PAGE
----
Erik isn’t just a talented artist; he’s also the art director for a national publication, so he knows the ins and outs of artwork submission from both sides. Here’s some of his advice for aspiring freelance artists:
From your experience, what are the best ways for an artist to promote his/her work to appropriate markets?
Today you simply have to have a website. The days of people reviewing your portfolios one-on-one are pretty much gone. Go out and meet people; make contacts at gallery openings, online–there are lots of great online artist communities. Find out what’s going on in your own neighborhood. Don’t be afraid to do a few “freebies” to get your work out there, and don’t forget the old standbys: send out postcards; go to conventions; set up at an art fair. Any place is a good place to start. I’ve done live painting in clubs, selling all the stuff I do that night to the crowds; you pass out some business cards and suddenly you have some freelance gigs or commissions.
How much of an impact has your website had on your success?
It’s been an amazing tool to get the word out about my work. It is also very rewarding because I get to hear from so many people that like what I’m doing. A lot of times as an illustrator you only get feedback from a handful of people–the peers that you trust to tell you whether your work sucks or not, and maybe from the art director that you do the work for, if they’re not too busy–that’s usually about it. The Web is just a great marketing tool. I’ve gotten so many jobs from having an easily accessible portfolio, and I’m constantly getting commission work from private collectors.
How do you stay motivated/find time to keep up with the demand of all your assignments, commissions, etc.?
In college I was working full-time and going to school full-time, so I got very used to the concept of using my time wisely. I don’t think of the week as five days of working and two days off–every day is a workday. To me, illustration is a lifestyle, not a nine-to-five job. As far as staying motivated, I just try to choose those kinds of projects that challenge me and allow me to investigate the things I’m most interested in. I work really quickly and am very aware of how long it takes me to do a project, so I am also honest with myself as far as how much I can take on at one time. I’m never going to overextend myself to the point where I might miss a deadline–that’s just not an option. Having the right music to listen to is also a great motivator.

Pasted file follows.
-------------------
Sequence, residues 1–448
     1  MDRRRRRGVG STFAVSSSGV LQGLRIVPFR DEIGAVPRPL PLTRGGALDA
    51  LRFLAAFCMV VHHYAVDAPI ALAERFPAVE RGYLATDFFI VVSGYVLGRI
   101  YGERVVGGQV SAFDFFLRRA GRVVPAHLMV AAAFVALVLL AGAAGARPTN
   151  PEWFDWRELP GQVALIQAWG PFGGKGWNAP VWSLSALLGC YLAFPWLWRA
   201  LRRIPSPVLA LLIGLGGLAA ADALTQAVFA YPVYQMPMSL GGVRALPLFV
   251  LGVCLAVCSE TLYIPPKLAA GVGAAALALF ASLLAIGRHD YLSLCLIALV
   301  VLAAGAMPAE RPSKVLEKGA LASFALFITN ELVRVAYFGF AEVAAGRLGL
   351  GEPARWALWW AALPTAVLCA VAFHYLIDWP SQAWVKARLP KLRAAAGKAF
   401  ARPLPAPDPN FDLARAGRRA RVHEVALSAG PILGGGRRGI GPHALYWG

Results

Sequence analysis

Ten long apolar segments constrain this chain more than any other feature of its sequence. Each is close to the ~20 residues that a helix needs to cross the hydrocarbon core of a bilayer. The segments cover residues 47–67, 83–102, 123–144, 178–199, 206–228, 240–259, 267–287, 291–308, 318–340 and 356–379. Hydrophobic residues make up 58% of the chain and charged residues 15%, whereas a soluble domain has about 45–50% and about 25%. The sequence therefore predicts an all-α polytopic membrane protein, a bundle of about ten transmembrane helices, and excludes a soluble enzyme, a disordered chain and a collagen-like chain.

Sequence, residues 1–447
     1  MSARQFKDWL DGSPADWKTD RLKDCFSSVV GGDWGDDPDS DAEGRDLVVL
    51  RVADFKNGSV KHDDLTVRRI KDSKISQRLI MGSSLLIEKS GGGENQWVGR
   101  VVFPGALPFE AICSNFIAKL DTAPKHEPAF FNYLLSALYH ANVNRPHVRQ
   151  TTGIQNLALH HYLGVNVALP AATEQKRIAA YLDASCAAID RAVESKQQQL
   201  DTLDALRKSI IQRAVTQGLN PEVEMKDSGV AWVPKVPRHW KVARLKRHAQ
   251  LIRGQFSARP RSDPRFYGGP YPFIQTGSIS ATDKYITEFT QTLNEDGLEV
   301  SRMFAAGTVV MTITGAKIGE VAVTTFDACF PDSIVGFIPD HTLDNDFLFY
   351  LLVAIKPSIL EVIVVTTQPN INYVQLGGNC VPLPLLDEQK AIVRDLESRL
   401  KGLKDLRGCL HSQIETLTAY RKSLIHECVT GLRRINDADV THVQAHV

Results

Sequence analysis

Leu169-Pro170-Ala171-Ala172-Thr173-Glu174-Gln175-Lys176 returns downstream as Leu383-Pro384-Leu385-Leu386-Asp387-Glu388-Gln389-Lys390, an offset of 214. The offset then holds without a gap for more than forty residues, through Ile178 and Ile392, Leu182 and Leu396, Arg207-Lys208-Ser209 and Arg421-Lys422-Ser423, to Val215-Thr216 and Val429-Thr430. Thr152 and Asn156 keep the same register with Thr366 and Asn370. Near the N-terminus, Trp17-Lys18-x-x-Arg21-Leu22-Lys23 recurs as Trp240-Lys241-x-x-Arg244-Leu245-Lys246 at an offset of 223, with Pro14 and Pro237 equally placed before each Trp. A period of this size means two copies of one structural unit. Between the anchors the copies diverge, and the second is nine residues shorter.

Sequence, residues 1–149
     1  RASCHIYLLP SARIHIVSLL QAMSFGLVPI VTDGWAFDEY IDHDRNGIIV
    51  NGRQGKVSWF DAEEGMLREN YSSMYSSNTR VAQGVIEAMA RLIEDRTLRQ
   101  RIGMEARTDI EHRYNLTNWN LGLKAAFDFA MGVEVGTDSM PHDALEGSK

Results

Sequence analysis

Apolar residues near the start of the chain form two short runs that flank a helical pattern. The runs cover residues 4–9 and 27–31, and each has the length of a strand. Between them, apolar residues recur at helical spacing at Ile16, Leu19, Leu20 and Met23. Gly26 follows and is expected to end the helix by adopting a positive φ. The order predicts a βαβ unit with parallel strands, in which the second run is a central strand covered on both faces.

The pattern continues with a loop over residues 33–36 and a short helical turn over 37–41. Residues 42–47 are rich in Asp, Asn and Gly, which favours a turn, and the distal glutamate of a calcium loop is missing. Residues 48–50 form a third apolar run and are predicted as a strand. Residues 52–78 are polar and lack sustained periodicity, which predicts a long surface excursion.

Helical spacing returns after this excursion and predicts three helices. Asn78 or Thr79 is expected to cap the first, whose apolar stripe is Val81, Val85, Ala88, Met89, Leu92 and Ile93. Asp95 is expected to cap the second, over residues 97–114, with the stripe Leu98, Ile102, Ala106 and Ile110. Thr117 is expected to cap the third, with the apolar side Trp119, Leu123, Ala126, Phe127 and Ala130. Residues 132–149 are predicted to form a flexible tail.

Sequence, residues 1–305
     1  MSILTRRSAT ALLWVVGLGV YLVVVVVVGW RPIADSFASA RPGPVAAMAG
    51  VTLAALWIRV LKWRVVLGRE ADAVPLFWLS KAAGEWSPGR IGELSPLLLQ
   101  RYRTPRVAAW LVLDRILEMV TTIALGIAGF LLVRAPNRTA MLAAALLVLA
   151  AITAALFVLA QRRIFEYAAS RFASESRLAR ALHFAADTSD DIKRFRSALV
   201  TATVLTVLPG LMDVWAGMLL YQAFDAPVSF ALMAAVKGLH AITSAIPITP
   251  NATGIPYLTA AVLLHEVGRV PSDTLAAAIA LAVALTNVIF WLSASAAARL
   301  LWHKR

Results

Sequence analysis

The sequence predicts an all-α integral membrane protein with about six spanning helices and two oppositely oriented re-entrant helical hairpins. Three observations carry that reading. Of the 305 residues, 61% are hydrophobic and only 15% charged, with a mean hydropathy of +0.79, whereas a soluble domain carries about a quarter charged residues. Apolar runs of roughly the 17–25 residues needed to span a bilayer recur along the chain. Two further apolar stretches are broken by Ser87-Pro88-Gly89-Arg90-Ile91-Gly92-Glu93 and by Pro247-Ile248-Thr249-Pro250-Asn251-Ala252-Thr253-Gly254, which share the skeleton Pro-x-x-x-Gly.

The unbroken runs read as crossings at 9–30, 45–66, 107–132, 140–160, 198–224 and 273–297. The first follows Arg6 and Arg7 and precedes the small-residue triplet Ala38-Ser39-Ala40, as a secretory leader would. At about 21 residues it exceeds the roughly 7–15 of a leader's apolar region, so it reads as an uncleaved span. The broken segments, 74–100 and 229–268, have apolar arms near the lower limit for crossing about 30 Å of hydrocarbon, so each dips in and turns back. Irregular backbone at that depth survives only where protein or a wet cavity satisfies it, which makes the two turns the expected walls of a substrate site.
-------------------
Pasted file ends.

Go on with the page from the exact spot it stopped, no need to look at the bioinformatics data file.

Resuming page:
As an art director, what do you expect (in terms of professionalism, quality, etc.) from other freelance artists?
Deadlines are number one. If you can’t get something to me on time, get out of this business. There are a hundred other people that are waiting for their opportunity who will get it in on time. I’ve had to tell really good friends that I wouldn’t hire them again because they couldn’t get something in on time.
Stay in contact, but don’t be annoying–it’s a real fine line, but figure out where that line is. If I don’t hear from someone for a really long time, I forget to offer them jobs; it’s as simple as that. Send some new images of things you’ve been working on every couple months.
Don’t send me an amazing thumbnail and then turn in a final that is a totally different idea. Even if you hit it out of the park with the new version, I’ll start to wonder if you’re able to deliver what I need when I say yes to a sketch.
Oh, and did I mention deadlines?
What can artists do to stay motivated and ensure that their work remains fresh and interesting (especially if faced with rejection)?
The truth is, either you need to do this because you need to do this, or maybe you should go find something a little easier to do for a living. Because there is always someone else out there who does need to do this, and it shows in the work they do. Always be looking at both new and old art. Find things that inspire you. Do some work for yourself and send that out there to try to scare up some contacts. It’s much, much easier to do work you want to do than having to mimic a bunch of other artists’ styles to try to make a living.
Be willing to listen to anyone who is willing to critique your work. You don’t have to take their advice, but sometimes we become so wrapped up in what’s in front of us that we need a new set of eyes to see through. Above all, keep moving forward–art, illustration and design are all things that take lifetimes to master, so keep pushing yourself and never allow your work to drop below a certain level. If you stay true to yourself and your ideals, the rejections won’t hurt as much.
Do you have any other advice for aspiring freelance artists?
If you have a passion for this, it doesn’t matter how many rejections you get; just be honest with your own set of skills. It’s never too late to go back and learn something you missed out on. (I didn’t end up in college until eight years after I graduated from high school.) And of course, do the work that you want to do–not the kind of work you think would sell. The rest of it is just working hard.
Erik Rose drew this portrait of Walter from the movie The Big Lebowski along with two other characters, Maude and The Dude, to be used for self-promo pieces. It’s possible one of the portraits will end up on a poster for Lebowski Fest in the near future. “I’ve had a lot of exposure from this image and got quite a few commissions because of it,” says Rose. “This piece is a great example of the motto Do the kind of work you want to be known for, as it shows what I do best: icon images, celebrity portraits, and pop-subculture.”